“What am I even doing here?”, I cried to François, and later via FaceTime to Riemer. I was looking for a new direction, something to focus on, something to be happy about. But I also wanted to rest, to do nothing for a while. And that wasn’t possible. Because my business had to become more successful and to achieve that I had to sell twice as many books. So I had to blog, Instagram, create content. I had to do this, I had to do that. And in the meantime, nothing made me happy at all.

“But Japan used to make me happy,” I grumbled. Before I moved there, I’d go to my Sakura house with a laptop full of shoots to edit, or an assignment for a website. I’d work in the morning and go do something fun in the afternoon. Sometimes I watched documentaries in my room all day, and usually there were friends in the country I went out with. And if not, I would go out on my own. But perhaps more importantly, my trips to Japan were always like resets. It is no coincidence that I built several new websites for myself there. I once threw out my entire Instagram feed there, to start with a clean slate. I put the new Toeps Blog logo there on the website that was then still called Fashionmilk. I made plans and planted new seeds there.

Fast forward to 2023 and the immigration office lives rent-free in the back of my mind. And when I’m not getting employment contracts drawn up or my interim tax returns filled out, I’m fixing things for my home or office. Anything I want to do work-wise takes extra effort, and with wistfulness I look back to the days when I could just shout something on Twitter and I had sold another four photo shoots. (Am I looking back on that too rosy now? Uhm, yes.)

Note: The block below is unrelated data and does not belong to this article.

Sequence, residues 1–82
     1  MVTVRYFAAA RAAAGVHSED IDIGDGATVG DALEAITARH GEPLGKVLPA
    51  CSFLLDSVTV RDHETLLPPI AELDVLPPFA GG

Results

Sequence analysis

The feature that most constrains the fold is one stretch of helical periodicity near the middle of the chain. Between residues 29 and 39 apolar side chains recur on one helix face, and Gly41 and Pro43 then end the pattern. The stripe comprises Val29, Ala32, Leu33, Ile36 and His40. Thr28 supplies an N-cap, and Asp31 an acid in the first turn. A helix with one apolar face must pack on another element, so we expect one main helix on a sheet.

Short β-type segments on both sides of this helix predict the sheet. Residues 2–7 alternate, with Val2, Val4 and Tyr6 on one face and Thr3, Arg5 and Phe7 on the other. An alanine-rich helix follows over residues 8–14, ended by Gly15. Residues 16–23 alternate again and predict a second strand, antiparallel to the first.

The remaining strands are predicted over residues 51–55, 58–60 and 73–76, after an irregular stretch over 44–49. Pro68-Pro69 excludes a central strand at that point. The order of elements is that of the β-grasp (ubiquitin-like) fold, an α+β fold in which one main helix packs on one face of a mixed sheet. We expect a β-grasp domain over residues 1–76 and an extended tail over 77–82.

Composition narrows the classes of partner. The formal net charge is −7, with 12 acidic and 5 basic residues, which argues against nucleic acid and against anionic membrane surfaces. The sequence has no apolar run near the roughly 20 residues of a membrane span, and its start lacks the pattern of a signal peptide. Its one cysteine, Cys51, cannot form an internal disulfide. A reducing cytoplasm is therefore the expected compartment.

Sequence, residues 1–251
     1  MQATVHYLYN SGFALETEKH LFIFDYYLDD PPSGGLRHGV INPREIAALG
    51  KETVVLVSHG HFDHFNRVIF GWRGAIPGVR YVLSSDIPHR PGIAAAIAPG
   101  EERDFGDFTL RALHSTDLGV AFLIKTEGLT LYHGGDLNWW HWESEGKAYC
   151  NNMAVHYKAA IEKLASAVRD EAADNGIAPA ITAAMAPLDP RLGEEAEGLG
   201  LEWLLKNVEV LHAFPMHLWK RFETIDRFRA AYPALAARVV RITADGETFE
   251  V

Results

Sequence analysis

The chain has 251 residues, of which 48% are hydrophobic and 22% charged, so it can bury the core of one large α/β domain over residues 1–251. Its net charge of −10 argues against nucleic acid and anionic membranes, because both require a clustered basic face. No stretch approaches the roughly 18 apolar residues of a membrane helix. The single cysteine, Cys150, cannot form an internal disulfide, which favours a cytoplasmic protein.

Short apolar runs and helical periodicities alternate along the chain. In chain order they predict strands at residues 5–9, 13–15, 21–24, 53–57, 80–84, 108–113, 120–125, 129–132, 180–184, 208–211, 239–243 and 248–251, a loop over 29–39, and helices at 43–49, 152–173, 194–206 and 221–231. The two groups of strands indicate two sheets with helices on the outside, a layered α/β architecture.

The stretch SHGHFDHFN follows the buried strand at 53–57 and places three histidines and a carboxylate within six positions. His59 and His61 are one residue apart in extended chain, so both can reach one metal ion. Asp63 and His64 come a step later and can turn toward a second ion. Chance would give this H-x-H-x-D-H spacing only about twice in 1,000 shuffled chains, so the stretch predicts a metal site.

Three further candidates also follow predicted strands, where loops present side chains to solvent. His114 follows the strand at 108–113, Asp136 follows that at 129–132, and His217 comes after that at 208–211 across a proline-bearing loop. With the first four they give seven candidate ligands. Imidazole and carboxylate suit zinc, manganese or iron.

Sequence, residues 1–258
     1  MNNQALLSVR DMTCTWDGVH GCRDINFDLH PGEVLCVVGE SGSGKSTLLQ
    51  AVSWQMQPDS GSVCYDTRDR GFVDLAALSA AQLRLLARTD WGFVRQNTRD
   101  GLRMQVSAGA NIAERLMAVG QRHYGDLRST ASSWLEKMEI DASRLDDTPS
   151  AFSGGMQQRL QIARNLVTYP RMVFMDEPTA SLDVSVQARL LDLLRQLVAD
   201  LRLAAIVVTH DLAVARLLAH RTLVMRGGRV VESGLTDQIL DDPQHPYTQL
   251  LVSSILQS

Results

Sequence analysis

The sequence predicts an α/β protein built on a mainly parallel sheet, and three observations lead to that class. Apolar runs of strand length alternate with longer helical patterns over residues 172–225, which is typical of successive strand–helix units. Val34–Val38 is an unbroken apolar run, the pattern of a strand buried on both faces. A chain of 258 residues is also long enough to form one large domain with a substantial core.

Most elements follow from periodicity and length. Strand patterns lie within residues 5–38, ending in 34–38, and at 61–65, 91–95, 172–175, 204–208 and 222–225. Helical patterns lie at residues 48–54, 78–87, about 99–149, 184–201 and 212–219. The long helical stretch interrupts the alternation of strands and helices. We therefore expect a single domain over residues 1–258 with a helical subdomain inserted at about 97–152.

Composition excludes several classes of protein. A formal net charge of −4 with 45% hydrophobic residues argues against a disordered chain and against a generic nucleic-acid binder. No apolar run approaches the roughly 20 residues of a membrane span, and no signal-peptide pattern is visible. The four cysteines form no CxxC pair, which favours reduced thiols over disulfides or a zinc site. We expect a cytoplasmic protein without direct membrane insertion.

Marie Kondo

I regularly felt lonely in my self-purchased little office, and tried to solve that by being with François. I hoped to be able to work better there, and although I did at times, his apartment bothered me greatly. It’s quite a mess there, so to speak. Part of the problem is that there are still an awful lot of his ex’s things there, which she only takes with her very sparsely; because moving vans are expensive, and because she’s going to be moving somewhere else in a few months anyway, which also makes it a bit of a futile endeavor to take everything with her now. In addition, she is still often in his house, watching the cats, or just taking advantage of the facilities. While most people wouldn’t be okay with that, that part doesn’t bother me at all. But the purses, letters, tubes of cream, books, pens, clothes and know-what else of hers lying around make me uneasy.